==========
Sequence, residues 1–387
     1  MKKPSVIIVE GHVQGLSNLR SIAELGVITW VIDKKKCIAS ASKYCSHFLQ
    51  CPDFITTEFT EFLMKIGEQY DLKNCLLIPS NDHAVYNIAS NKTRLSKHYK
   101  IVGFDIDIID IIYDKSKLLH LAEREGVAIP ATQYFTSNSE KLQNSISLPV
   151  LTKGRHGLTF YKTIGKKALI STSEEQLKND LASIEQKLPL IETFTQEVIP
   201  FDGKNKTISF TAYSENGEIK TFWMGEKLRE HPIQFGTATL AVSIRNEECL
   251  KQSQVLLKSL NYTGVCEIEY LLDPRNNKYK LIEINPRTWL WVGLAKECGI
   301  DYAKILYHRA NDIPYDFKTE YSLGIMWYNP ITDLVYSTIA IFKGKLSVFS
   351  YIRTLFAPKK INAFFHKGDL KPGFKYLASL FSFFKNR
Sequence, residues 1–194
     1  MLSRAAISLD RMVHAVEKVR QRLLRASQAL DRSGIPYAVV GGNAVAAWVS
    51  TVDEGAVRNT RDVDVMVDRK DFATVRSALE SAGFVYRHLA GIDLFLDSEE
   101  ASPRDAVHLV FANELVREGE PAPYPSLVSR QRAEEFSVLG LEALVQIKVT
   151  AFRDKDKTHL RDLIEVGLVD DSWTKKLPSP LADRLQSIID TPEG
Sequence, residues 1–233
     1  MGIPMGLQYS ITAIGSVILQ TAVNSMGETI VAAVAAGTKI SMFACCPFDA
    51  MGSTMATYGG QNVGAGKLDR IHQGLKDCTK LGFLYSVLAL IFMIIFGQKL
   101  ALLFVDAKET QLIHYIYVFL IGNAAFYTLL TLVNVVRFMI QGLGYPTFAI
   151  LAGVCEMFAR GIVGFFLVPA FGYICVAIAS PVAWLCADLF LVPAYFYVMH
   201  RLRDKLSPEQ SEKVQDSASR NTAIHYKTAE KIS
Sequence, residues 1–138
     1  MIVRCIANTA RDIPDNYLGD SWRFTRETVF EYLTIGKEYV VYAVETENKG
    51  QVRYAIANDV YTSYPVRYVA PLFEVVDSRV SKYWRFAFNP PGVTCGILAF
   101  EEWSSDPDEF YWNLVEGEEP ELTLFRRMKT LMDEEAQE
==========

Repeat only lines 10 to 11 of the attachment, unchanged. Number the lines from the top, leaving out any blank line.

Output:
Sequence, residues 1–194
     1  MLSRAAISLD RMVHAVEKVR QRLLRASQAL DRSGIPYAVV GGNAVAAWVS